Wednesday, March 18, 2020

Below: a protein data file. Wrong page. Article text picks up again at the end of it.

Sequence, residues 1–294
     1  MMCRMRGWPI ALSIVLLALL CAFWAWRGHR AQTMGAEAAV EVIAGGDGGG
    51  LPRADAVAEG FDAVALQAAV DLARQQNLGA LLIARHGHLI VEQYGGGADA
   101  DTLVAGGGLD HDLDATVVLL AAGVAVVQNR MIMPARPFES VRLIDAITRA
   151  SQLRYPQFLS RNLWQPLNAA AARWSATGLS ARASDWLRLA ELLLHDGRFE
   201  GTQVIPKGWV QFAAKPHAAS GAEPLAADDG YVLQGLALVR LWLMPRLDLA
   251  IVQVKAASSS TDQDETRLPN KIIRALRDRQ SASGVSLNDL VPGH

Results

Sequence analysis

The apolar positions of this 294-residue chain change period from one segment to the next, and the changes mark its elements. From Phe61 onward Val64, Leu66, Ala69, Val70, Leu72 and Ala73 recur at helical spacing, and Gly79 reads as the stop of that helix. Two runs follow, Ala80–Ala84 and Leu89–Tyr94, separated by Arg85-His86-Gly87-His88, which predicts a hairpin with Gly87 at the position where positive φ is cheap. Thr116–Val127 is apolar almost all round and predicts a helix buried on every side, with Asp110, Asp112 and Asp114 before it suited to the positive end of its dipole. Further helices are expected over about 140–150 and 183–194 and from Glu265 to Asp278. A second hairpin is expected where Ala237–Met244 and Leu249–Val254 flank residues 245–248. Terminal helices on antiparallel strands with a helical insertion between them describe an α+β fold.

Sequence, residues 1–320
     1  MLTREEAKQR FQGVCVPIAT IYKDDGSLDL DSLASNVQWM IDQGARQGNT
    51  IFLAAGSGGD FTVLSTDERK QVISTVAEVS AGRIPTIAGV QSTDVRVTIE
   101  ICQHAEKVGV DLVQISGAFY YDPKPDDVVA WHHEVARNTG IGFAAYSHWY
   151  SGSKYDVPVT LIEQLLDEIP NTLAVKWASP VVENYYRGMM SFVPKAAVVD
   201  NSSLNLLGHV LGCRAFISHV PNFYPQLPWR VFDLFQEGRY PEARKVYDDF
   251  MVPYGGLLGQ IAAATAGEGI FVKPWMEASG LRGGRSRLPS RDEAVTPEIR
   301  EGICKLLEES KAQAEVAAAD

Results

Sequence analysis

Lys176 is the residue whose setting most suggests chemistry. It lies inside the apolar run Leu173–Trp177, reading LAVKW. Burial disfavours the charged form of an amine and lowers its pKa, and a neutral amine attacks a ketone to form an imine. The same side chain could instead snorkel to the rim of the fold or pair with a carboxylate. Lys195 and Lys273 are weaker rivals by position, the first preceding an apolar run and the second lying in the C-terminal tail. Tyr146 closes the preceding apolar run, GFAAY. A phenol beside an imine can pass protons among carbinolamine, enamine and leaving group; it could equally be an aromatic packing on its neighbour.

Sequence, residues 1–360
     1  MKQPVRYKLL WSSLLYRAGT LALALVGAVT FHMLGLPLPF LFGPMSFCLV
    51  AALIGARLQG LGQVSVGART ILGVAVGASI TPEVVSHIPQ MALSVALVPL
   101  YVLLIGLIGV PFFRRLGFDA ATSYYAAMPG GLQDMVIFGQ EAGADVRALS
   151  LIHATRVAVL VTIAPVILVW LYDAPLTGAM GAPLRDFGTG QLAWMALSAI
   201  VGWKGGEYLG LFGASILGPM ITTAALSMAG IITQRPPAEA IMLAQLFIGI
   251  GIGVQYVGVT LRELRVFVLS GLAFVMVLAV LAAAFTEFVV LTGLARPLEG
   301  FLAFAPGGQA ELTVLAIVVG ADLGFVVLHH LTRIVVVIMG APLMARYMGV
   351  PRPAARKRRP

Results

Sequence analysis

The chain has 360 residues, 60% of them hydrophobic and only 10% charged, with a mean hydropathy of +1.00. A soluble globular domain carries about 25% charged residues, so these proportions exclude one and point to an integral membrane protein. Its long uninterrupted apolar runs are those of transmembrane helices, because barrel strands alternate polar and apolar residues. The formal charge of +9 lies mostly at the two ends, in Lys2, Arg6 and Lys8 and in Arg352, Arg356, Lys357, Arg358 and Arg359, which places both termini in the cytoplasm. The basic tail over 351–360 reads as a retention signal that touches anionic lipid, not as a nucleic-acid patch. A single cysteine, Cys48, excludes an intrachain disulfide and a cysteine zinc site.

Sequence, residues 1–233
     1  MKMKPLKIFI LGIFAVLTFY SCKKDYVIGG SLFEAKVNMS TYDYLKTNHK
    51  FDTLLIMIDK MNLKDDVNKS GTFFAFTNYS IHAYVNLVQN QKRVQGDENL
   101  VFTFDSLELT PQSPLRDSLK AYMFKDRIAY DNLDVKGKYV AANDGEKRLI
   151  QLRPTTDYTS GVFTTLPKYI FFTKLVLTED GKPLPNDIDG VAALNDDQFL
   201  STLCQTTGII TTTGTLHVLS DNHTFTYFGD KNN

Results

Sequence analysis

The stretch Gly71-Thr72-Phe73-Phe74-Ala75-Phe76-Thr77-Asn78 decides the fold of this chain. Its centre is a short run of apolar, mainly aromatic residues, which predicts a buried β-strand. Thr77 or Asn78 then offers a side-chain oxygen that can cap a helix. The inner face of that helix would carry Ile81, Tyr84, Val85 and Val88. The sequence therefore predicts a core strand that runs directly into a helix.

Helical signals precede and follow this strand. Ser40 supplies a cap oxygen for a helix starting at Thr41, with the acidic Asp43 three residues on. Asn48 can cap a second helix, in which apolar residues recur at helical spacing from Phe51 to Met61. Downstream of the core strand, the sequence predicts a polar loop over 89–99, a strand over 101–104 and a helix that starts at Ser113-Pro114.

The 11 ACT Science Strategies You Must Be Using